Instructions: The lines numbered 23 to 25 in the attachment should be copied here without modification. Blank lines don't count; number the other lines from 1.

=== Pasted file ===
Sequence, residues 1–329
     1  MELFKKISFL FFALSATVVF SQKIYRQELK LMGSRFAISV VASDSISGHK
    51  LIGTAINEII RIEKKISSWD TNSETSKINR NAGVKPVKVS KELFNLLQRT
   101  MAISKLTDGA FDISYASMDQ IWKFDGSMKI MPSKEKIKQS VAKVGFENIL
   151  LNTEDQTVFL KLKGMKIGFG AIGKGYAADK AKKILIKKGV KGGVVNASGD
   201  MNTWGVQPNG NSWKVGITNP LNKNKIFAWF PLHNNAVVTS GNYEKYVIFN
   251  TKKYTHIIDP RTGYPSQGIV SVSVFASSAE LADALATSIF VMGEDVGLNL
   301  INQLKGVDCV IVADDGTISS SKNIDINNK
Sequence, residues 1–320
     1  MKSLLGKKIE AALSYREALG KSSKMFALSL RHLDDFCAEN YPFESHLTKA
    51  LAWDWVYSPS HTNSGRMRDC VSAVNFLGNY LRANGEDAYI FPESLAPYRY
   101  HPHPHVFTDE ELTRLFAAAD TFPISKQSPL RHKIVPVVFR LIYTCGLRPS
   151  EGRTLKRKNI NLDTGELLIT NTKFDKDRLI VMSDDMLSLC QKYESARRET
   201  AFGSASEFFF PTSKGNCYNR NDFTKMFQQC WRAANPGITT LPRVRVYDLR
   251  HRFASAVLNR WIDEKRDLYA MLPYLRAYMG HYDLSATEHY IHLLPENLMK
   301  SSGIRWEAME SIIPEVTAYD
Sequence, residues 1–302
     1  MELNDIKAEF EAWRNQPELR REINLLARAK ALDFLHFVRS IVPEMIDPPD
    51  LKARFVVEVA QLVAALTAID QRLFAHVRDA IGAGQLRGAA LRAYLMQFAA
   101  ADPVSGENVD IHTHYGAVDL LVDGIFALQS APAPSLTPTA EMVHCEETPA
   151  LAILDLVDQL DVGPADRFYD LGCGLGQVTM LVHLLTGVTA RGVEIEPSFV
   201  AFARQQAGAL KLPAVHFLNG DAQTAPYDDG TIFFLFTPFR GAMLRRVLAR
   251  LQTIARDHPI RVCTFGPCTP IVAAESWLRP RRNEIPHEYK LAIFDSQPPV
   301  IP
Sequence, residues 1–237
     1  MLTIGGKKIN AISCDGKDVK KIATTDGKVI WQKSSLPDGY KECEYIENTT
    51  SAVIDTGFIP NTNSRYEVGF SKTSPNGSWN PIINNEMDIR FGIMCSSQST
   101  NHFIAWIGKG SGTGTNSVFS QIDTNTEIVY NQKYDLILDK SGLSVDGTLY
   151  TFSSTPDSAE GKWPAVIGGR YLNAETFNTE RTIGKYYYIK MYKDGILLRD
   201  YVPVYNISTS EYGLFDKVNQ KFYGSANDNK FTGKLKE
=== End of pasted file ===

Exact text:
   251  LQTIARDHPI RVCTFGPCTP IVAAESWLRP RRNEIPHEYK LAIFDSQPPV
   301  IP
Sequence, residues 1–237